As Alex Canneti of Berkmann Wine Cellars adds, Prosecco is “something of a rarity” in the drinks trade in that it gives consumers exactly what they want. “It’s about freshness of fruit,” he says. “It’s easy to drink, it’s not acidic or too dry. The Italians happen to be producing a product that’s spot on, which is so unusual in the wine business. Usually it’s ‘try this or try that’.” Producers with an ambition to push the boundaries of the category are therefore, in some ways, hamstrung by its success. Within such a commercially successful category, producers’ efforts to diversify or play about with style, one might cynically conclude, are destined to fall on deaf ears. “Most people like Prosecco simply because it’s easy to drink,” says Nick Tatham MW, wine development manager at Continental Wine and Food. “It has a sugar content that makes it very drinkable; it’s very soft and not too complex or acidic. There is a danger that when Prosecco tries to be more serious many of those people who currently drink Prosecco won’t like it.”
Certainly, wines that didn’t fit with the typical profile of Prosecco stood out, with judges on occasion, although not to their detriment, stopping to consider their place within the category. “If a wine is atypical, is that a fault?” asks Foster. “That was the biggest issue as far as I am concerned. That’s one of the things that we discussed more than anything – the typicity of Prosecco. Are you looking for a good drink and a good style that is elegant, or are you looking for Prosecco as they sell? You have to consider both.”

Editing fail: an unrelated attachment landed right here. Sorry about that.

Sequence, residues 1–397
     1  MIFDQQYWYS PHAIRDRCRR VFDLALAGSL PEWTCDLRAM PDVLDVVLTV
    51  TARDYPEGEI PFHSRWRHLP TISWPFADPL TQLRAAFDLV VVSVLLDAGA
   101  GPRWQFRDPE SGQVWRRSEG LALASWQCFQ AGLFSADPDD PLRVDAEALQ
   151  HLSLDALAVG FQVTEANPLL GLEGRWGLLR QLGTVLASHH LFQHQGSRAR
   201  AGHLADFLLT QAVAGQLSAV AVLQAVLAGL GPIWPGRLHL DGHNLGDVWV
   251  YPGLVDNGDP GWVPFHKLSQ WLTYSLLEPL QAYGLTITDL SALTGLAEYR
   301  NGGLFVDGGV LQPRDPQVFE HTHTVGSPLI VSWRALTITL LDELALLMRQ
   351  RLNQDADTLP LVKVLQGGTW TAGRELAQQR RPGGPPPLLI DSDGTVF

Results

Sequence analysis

In reality, the vast majority of Prosecco plays to the mass consumer, whose purchases are importantly not driven by individual brands but firstly by the generic power of ‘brand Prosecco’ and secondly by price. As Tatham notes: “For me, there isn’t this top end of Prosecco – 99% of Prosecco sold is commercial, and is incredibly successful because of what it is. The 1% is the other stuff. For me, the tasting today is about finding the best possible Prosecco in that 99% of the core business.” With a sea of producers fighting for space in what is essentially an unbranded category, quality has become the battleground on which producers are working to push the category forward. Talking up terroir is one way that producers are working to communicate quality, with undiscovered sub-regions continuing to emerge. “Prosecco is fresh, fruity and drinkable, and that really is it, but there’s no doubt that I can find terroir,” says Canetti.